And he’s coming from a place where parties never end, but also tend to be oddly introspective affairs. As danceable as his beats are, and believe me are they ever, his lyrics are almost melancholic. Even wistful. It’s almost like attending a rave where people spaz-dance while reading Sartre. Well, maybe not Sartre exactly, but you get the idea. The point is, it creates a rather unique concert atmosphere, one which I was quite pleased with. As were the other barflies, if the enthusiastic dancing of some of the Melody Inn’s other occupants was any indication. Even if their weren’t any actual noses in philosophy books. After all, it’s not everyday and EDM artist pulls out a saxophone.

Did I forget to mention that? Because if I did, I’ll say it again: The Dropout plays the sax. And he has a full drum kit operated by an actual person. I creates an interesting stage dynamic, with The Dropout multitasking between his laptop and his sax and the drummer pounding away beside him. Sort of like the best IT department ever.

Which reminds me, we still need to discuss…

His Sound

Now I know that I’ve said a few things about his sound in my concert description, but I think it warrants a more focused discussion.

Now, you might remember that I mentioned Throbbing Gristle. He doesn’t sound like them, kind of the opposite really. For example, he’s certainly a lot less with the morbid depression. In fact, there’s an admirable thread of hope that weaves it’s way through his melodies. Speaking of which.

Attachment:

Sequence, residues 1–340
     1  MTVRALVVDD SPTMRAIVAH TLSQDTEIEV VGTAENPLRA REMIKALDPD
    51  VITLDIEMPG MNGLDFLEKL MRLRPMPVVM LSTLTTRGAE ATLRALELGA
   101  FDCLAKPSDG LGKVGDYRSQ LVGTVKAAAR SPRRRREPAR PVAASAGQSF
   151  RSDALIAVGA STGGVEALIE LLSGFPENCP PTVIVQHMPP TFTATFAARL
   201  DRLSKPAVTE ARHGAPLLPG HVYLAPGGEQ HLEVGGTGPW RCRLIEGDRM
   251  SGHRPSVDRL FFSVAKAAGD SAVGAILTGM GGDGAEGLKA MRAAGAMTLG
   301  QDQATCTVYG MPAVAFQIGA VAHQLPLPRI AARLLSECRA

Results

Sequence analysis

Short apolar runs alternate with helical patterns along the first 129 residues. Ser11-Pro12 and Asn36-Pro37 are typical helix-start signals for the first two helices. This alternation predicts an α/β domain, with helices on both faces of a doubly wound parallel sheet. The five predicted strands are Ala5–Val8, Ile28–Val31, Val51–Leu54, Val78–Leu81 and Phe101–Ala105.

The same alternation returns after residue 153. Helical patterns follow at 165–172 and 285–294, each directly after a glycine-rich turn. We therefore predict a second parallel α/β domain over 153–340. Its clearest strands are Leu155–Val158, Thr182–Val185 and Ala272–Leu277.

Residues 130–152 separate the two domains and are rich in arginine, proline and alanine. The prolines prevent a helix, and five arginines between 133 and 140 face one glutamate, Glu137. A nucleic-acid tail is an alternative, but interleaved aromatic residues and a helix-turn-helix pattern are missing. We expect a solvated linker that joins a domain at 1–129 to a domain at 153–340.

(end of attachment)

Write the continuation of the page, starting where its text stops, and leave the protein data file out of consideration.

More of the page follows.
While there’s plenty of percussion in The Dropout’s music, real drums crashing as synthetic beats bump bump bump along, his voice and his sax tend to be the focus of his songs. Or, at least, significant portions of his songs anyway. Better yet, he’s not big on auto tune. That last one is really more a pet peeve of mine, but I’m grateful for it nonetheless.

The upshot of all this description is that, in terms of genre, The Dropout is something of a Casanova. He never allows himself to become so invested in one genre that he loses sight of all the others he can explore. An approach that’s good for a budding artist, bad for forming lasting relationships.

In fact, the approach he takes is rather like hip-hop. He creates a mosaic of different styles and uses the resulting gestalt to create his music. And then there’s his fondness for half-beats. Of particular note is his sax playing, which reminds me very much of Latin jazz. The sax in that particular genre manages to combine a mellow swagger with dynamic energy, which works very well with the frenetic busyness of electronic music. Most kinds of electronic music, anyway. The point is, I never expected to hear electronic music, especially not the upbeat kind, co-occur with Latin-esque sax. Looks like I need to adjust my expectations again.

Final Thoughts

So, here we have a creative electronic artist who gives great live shows. Is he the best artist I’ve ever seen? No, but he is one of the better show’s I’ve caught in Naptown. And he’s certainly the best show I’ve seen in a while. Even better, he’s still at the beginning of his career and has plenty of room to develop and improve. I was impressed by what I saw, and even more by what I heard. I hope to hear more.

Keep Listening, everybody.